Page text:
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Swimmer's Ear (cont.)

What are the symptoms of swimmer's ear?

Early symptoms of swimmer's ear

  • The most common symptom of swimmer's ear is ear pain or earache. Pain gradually begins over a day or two. The ear pain almost always involves only one ear. The pain is especially intense when the ear is touched or pulled, or when chewing.
  • The ear canal may itch.
  • The outer ear may be red.
  • In severe cases the ear canal may be swollen shut.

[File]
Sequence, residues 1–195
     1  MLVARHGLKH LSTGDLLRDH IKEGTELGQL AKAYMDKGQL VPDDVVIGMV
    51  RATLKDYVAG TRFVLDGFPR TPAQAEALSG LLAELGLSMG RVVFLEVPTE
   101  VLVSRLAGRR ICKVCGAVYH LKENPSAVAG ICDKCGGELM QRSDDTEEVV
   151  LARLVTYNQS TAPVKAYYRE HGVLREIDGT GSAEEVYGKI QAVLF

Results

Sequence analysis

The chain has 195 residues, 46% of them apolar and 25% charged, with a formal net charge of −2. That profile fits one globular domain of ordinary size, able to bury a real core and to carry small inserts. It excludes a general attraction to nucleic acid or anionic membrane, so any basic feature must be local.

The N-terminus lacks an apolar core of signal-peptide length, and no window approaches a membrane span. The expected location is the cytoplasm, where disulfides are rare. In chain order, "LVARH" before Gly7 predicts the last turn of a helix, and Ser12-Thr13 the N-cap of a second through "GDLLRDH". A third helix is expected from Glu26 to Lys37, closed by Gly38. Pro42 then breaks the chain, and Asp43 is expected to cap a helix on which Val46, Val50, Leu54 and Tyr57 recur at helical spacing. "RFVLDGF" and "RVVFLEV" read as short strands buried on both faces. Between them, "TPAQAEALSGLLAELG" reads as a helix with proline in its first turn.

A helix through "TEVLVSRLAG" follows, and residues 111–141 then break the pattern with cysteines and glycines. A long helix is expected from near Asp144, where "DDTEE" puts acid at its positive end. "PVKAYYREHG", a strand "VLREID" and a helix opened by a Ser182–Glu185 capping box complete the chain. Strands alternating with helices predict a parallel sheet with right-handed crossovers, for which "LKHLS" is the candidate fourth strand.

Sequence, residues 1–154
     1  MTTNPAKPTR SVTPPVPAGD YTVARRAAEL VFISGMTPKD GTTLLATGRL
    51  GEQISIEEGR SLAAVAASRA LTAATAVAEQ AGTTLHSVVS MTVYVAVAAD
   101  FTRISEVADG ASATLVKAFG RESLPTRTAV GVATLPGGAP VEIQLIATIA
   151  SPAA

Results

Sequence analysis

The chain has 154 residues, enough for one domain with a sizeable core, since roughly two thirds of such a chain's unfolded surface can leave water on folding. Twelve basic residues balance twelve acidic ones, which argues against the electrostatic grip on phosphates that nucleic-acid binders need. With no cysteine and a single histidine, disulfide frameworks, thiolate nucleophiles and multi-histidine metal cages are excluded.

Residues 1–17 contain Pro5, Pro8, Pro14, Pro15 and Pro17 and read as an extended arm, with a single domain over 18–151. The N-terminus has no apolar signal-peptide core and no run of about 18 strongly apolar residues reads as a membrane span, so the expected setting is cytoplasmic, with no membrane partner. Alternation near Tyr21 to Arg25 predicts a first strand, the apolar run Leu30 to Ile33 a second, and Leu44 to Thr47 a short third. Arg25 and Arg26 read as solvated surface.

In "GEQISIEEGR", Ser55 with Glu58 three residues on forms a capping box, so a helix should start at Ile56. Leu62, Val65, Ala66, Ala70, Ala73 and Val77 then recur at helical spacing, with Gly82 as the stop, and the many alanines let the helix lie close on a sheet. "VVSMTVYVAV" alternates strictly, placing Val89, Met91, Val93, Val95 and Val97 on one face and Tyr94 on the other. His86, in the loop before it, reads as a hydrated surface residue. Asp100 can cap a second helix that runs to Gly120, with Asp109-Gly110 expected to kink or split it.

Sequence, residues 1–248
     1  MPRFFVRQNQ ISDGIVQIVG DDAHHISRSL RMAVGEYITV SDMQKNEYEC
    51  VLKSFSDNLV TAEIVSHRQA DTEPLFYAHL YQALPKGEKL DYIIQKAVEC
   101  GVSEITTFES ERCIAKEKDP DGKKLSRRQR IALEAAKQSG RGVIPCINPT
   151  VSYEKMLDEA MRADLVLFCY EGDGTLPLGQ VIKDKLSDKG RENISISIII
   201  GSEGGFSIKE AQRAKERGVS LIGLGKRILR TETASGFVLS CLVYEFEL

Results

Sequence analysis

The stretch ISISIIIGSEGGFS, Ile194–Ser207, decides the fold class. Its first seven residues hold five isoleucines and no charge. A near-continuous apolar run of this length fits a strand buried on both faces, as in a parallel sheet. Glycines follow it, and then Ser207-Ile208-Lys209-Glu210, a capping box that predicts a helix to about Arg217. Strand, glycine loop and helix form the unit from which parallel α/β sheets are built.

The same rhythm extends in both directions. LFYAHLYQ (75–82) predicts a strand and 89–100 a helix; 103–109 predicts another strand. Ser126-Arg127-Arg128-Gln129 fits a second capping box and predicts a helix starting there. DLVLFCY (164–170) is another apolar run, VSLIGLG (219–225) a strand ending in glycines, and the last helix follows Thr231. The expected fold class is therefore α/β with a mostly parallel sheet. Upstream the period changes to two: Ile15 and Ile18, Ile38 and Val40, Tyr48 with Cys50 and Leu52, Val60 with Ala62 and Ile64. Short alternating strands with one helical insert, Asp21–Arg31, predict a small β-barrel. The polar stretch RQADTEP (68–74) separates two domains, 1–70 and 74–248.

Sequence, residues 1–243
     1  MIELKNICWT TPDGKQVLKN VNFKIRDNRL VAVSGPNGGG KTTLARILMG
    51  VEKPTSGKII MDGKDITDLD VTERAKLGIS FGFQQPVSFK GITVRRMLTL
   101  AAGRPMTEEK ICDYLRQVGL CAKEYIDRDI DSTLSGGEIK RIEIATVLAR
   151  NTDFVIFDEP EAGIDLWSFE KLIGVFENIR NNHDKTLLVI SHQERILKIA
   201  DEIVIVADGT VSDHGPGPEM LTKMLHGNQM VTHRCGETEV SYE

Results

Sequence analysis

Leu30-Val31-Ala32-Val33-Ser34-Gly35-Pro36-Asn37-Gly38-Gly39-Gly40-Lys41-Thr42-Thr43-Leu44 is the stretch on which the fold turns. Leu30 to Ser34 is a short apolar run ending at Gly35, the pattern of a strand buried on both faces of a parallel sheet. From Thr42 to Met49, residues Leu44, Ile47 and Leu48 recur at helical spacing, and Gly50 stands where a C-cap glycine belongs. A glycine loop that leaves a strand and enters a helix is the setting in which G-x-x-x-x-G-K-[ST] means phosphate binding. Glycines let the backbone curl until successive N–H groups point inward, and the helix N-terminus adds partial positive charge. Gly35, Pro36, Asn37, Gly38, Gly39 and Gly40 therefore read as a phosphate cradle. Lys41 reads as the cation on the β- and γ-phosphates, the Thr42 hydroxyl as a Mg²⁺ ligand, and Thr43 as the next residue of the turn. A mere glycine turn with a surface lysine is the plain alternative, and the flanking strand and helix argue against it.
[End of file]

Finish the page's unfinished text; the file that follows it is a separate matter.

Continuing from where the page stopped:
• The ear may drain fluid or pus. This drainage may be clear, white, yellow, or sometimes bloody and foul smelling. Some fluid may crust at the opening of the ear canal.
  • With severe swelling or drainage, the person may have trouble hearing.
  • Ringing in the ear (tinnitus) and dizziness or spinning sensation (vertigo) may also be present.
  • Fever is generally not present. If there is a fever, it is not usually high.

Other symptoms of swimmer's ear include:

  • A feeling of fullness in the ear.
  • In severe cases, pain that extends to the side of the face or neck.
  • Swollen lymph nodes if infection is present.
Medically Reviewed by a Doctor on 12/7/2015

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